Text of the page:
Joanne M Jahnke-Wegner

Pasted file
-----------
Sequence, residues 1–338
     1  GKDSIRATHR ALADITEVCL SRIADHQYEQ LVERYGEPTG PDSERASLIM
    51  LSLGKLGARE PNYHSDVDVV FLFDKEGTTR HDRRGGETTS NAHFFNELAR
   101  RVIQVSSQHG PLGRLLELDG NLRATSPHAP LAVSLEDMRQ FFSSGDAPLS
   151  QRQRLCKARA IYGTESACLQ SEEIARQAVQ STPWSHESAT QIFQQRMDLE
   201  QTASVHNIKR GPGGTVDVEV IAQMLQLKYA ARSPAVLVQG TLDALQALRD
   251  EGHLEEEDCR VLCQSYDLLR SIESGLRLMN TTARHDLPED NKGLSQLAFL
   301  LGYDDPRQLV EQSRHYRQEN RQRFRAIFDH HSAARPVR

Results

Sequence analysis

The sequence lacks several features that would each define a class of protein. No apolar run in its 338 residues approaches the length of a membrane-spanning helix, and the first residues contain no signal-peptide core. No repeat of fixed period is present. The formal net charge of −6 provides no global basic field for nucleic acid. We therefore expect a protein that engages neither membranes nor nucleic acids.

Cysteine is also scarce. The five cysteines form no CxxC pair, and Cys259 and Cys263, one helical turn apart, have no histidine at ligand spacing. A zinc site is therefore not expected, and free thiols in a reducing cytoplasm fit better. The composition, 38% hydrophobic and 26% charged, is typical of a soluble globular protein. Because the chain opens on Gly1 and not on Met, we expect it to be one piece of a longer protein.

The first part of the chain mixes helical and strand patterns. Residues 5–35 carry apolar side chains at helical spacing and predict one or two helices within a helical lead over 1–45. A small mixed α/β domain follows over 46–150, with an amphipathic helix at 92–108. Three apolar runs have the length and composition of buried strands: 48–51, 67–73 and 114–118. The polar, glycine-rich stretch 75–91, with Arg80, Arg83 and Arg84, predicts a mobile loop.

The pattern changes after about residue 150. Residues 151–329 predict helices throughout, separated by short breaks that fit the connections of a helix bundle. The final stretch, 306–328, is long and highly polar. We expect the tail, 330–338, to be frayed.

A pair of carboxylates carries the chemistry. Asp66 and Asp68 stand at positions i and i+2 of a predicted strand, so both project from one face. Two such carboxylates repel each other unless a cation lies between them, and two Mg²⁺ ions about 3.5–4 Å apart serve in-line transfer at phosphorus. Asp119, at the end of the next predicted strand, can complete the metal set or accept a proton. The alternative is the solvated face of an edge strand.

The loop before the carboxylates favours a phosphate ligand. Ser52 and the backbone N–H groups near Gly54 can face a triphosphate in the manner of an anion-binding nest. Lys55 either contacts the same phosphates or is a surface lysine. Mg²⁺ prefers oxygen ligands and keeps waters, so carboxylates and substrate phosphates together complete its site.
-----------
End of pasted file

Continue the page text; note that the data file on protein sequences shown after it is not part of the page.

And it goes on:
I returned to academia after prior careers as a chef, marketing analyst, and adjunct instructor. Taking the long way, so to speak, has given me extensive experience outside of the academy, but returning to teach as an adjunct reminded me that my greatest passion is history. My time as an instructor at the U and other institutions has underscored this, but I have also learned that my research interests are fed by encounters with students and vice versa--a relationship that has been reinforced during graduate school. My dissertation, Captive Economies: Commodified Bodies in Colonial New England, 1630-1763, traces the evolution and function of multiple, intersecting systems of human trafficking that emerged in colonial New England from the Pequot through the French and Indian War. I explore how captive peoples were circulated by their captors for economic, political, and diplomatic purposes. I argue that along the way, English cultural, legal and theological discourses; Native American captivity practices; and various economic markets all converged at the site of the captive body and, through a process of human commodification, rendered humans fungible commmodities exchangeable for material goods, other human beings, and even three fat sheep.